Providence virtual English learners to take standardized tests in person this week

Providence
RI Students to Take New Standardized Test This Spring

PROVIDENCE, R.I. (WPRI) — While Providence Public School students remain in full distance learning this week, one group of students is being told to enter school buildings for the first time this academic year: English language learners enrolled in the virtual learning academy.

The 1,760 English learners (also called multilingual learners, or MLLs) who are enrolled in the city’s standalone virtual academy are being required to take the annual ACCESS test in person this week, even though the schools are otherwise remaining closed to in-person instruction as part of a post-holiday phased-in reopening plan.

The annual test mandated by the federal government measures students’ English proficiency, which determines their placement in the program or whether they are ready to exit out and join traditional classes. About one-third of Providence’s 24,000 students are multilingual learners, and those who are going to school in person will take the test later this winter.

Last year’s ACCESS results were released in December, described by R.I. Education Commissioner Angélica Infante-Green as “devastating.” (The 2020 test was administered prior to the pandemic.)

But the decision to have virtual learning students come into the schools to take the test this week has raised eyebrows, especially since the state extended the window to administer the test this year until March 12.

“The parents who chose VLA chose it for a reason,” said Marissa Almonte, the MLL teacher leader at Hope High School. “They were clearly worried about their children’s health.”

Almonte said she will be proctoring in-person ACCESS tests on Thursday and Friday. She said Hope is planning to have just five students per classroom for the testing.

“I’m worried that a lot of them won’t show up, and I can’t say that I blame them,” Almonte said.

Providence schools spokesperson Laura Hart said the district decided to have the virtual students come in to take the assessments this week because the buildings are empty, and it will be easier to spread students out to make it safer.

“They’re still going to be in a classroom with students that they haven’t been exposed to,” Almonte said. “We don’t know where students went” over the holidays, she added.

Holiday travel was one of the reason state leaders cited for delaying the return to in-person school after the new year, so students who traveled would have time to quarantine or monitor themselves for symptoms before going back to the classroom.

“Any families who are quarantining, whether due to health concerns, possible exposure or recent travel, have been advised to make arrangements with the school for a later testing date,” Hart said in an email.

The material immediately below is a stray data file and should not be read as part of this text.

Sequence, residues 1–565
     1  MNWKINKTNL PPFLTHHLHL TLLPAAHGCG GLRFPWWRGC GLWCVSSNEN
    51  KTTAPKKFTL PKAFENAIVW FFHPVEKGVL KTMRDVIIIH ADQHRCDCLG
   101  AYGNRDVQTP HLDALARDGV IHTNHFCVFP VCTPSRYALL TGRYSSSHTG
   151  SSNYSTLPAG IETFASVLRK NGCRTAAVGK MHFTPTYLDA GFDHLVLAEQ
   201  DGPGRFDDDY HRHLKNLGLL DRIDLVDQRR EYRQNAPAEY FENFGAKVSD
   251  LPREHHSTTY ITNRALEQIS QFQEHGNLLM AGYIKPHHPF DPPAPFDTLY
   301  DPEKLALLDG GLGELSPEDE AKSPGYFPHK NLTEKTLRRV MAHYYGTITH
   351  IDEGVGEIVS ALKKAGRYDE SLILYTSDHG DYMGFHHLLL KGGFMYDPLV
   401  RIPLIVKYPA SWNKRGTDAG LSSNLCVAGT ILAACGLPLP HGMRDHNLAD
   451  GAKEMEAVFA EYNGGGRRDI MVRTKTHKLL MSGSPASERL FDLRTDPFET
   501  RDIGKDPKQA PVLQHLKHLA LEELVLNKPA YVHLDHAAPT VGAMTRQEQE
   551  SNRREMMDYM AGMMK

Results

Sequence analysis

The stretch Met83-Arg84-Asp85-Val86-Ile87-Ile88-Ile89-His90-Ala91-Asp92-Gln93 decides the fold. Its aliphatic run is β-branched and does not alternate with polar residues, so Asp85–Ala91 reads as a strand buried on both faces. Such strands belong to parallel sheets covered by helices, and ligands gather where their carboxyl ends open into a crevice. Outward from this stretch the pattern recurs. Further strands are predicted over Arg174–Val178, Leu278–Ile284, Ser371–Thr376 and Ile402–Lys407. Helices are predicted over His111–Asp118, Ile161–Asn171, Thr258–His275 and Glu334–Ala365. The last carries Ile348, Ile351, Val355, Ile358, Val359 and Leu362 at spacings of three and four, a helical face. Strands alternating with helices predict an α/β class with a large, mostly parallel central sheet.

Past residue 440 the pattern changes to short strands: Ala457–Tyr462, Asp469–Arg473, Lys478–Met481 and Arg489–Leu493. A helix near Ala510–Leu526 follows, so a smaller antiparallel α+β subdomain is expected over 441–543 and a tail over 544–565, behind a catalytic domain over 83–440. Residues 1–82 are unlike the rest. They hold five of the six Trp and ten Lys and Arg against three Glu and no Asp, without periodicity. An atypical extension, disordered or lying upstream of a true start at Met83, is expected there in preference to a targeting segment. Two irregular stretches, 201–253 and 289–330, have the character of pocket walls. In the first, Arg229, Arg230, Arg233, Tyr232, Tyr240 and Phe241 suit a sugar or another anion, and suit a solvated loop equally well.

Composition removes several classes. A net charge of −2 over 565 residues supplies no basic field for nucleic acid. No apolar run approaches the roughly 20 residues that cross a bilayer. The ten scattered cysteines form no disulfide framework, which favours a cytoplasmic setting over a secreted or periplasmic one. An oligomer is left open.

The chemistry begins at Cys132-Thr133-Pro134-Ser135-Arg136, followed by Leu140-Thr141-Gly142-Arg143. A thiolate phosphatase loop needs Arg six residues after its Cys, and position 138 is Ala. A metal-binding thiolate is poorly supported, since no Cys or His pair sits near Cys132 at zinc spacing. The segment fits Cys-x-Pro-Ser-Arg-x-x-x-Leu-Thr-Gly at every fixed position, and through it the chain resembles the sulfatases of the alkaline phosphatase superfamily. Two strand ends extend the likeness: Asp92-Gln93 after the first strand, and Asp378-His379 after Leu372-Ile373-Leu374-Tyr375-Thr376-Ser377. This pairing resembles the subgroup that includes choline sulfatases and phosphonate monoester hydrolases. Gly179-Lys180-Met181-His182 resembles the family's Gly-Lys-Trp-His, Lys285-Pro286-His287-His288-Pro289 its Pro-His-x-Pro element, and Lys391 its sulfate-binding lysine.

She added that students will be screened for symptoms and have their temperatures taken upon arriving at school. The ACCESS tests, which are taken on computers, are being administered from Wednesday until Friday. Plexiglass barriers have also been installed for certain students who require one-on-one assistance with taking the test.

While state leaders have repeatedly promised parents that they would not be forced to send their children to school during the pandemic, Providence told parents signing up for the VLA over the summer that they must commit to sending their children to do standardized testing in person, if it took place.

“Your child must participate in all state and/or district mandated testing which may require going to a school building or testing center,” the original VLA information read.

Hart said WIDA, the company that provides the ACCESS test to states, has not offered a virtual option. The company’s website says administering the test remotely could affect the “validity and reliability of test scores.”

“ACCESS testing is integral to our accurate placement of those learners and helps us determine the level of services each student needs to succeed,” Hart said. “Moreover, it serves as a necessary progress monitoring tool — one mandated by the U.S. Department of Education and specifically referenced in our agreement with the U.S. Department of Justice.” (Providence agreed to a settlement with the DOJ to improve MLL services following a federal investigation.)

There is still no word on whether the examination given to the majority of students — the RICAS test — will be administered this spring. The incoming Biden administration is expected to make a decision on whether to grant a waiver again this year, as the Trump administration did last spring when the pandemic first hit.

The rest of Providence’s students are learning from home this week, returning in a staggered schedule next week, starting with pre-K through 1st grade returning on Monday. All students who are not in the VLA will be back in school by Jan. 14, though middle school and high school will remain on an alternating schedule between remote and in-person school.

Providence is planning to start testing its students for COVID-19 upon arrival, with parental permission, and will offer twice-monthly COVID testing as part of the state’s new surveillance program, according to a letter that went home to parents last week.

Steph Machado (smachado@wpri.com) covers Providence, politics and more for WPRI 12. Follow her on Twitter and on Facebook

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